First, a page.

There's nothing quite as inspiring as listening to the words of an inspired person. It's as if their entire being is embedded with light of a spiritual nature. So when they say, 'Get over it,' they're not saying it quite the way your drinking buddies would, but the way your best friend who loves you would, and the words (get over it) take on an entirely different meaning.
In the spirit of inspiration, I'm getting over it. And getting on with it instead.
Part of the inspiration also came from gathering all my old notebooks, the notebooks that have fallen to ruin with pages torn and stained by mystery droplets of essential oil blends. My notebooks remind me of my grandmother's cookbooks -- pages fused together with egg white or frosting or some other ingredient whizzed out of the Kitchenaid onto the text. They're well-loved little books filled with words that remind me where I was in a moment in time. Like the book, Like Water for Chocolate, each day is prefaced with a recipe for a soap or body butter or oil or perfume. I know that if the formula is written legibly, with specific details to amounts of time taken to blend or heat, then that was a good day, an inspired day. But if the formula is scribbled on the page with little or no instruction; when it lacks detail, then I know it was a bad day. My formula notebooks are journals with no personal reference, yet I can feel the mood of each day simply by reading them.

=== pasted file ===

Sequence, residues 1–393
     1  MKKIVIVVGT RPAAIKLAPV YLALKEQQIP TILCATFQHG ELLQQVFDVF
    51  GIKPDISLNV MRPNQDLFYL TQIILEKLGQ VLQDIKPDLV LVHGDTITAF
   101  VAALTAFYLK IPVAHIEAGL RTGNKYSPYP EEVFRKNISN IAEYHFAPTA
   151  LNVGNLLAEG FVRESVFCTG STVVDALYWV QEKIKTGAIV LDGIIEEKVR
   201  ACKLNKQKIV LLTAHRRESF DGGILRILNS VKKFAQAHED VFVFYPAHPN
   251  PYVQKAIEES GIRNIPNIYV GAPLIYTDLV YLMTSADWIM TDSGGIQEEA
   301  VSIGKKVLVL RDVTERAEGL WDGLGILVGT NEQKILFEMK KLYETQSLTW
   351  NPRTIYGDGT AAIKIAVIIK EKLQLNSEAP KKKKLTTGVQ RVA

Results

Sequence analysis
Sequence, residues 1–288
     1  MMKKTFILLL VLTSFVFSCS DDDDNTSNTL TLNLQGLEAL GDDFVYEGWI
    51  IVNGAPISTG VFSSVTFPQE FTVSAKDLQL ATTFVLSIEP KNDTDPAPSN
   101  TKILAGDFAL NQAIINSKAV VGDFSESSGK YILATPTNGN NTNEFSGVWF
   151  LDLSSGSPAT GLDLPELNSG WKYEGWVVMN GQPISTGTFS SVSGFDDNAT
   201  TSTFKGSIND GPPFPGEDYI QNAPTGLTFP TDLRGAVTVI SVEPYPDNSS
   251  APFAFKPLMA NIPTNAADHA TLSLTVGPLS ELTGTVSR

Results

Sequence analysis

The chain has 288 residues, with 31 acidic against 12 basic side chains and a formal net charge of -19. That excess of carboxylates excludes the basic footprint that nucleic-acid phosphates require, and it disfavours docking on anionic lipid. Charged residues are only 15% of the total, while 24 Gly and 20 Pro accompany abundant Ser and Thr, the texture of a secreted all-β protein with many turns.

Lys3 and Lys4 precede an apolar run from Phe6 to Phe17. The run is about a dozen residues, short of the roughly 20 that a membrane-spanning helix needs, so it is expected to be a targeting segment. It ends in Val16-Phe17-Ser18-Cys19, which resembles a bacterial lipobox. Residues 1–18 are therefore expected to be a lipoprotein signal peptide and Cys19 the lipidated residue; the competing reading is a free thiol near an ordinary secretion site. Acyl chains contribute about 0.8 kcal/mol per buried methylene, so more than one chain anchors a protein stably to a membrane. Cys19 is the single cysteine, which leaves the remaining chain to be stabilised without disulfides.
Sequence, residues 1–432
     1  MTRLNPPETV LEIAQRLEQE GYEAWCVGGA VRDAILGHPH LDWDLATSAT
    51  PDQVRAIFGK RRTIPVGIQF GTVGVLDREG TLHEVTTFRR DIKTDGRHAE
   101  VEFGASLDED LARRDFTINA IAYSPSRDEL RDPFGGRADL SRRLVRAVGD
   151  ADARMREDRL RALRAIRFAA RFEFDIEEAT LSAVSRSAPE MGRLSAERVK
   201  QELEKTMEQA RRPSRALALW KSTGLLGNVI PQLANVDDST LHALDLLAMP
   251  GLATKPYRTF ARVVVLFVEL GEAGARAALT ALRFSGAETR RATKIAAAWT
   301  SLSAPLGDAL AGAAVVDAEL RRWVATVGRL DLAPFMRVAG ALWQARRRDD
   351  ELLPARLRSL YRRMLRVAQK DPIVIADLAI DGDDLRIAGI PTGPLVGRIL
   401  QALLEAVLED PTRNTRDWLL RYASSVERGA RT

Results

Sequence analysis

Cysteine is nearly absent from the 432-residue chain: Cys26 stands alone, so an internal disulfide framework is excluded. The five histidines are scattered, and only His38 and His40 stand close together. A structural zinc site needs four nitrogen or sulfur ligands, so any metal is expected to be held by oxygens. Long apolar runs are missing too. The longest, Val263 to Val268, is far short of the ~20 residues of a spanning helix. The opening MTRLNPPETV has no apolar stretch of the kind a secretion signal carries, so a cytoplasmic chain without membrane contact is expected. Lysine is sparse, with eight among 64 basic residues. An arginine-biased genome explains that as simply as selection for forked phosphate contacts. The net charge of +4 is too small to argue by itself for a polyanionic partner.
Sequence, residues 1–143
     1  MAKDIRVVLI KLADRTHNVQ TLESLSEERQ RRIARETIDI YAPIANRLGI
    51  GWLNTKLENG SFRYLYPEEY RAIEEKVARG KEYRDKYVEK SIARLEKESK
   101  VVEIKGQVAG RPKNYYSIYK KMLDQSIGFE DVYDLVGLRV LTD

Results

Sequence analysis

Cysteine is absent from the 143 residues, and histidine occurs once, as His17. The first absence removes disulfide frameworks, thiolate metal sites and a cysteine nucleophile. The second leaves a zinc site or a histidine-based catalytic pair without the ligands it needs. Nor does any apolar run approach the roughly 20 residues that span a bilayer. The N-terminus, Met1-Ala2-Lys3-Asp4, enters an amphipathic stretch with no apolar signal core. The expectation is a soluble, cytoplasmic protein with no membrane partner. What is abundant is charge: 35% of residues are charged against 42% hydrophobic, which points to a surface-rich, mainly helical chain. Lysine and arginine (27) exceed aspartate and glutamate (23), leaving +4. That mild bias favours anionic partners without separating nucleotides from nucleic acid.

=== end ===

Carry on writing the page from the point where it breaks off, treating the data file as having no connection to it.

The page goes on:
Because of my notebooks, and a custom order, I rediscovered Benedetta, a beautiful Roman chamomile soap stuffed with good things like extra virgin organic olive oil, virgin organic coconut, raw shea butter and organic cocoa butter. Oh, yes, and rivers of Roman chamomile essential oil. When I still had my store, I remember having four or five of these soaps left after a sale and not wanting to get rid of them. So I grated them down and soaked the shredded soap in rose hydrosol. Then when the soap was dissolved, I mixed it with more olive oil until it was cream ~ Roman chamomile and rose cream. It was delicious and decadent -- a simple pleasure. I reserved most for myself and my business partner, gave a few jars away to people I liked, and sold the rest. They sold like stock in Walmart.
But I'm one of those people who bore easily, and I moved on to the next . . . big . . . thing. I didn't revisit this cream soap until a long-time customer ordered some. I revamped the recipe (made from scratch, front to back) and now have the lovely Roman chamomile and rose water soap cream again. While attempting to read a trashy romance novel*, I was plagued by thoughts of this soap. The inner dialogue kept whispering, 'Add sugar, add more oil, add seeds,' and so on. So I did. I took a bit of the cream and added sugar and olive oil, then I took it into the shower with me. I scrubbed from head to toe with it. I felt as if I'd been purified. I know, it sounds corny, but when I stepped out of the shower, I felt as if I'd just indulged in a spiritual cleansing. It makes me wonder how something so simple, so available, can create this feeling of blessedness.
Coincidentally, the original name of the soap, 'Benedetta', is a girl's name which means blessing.
Inspiration -- it's the name of the game, and I'm playing this time.
*Please disregard this statement.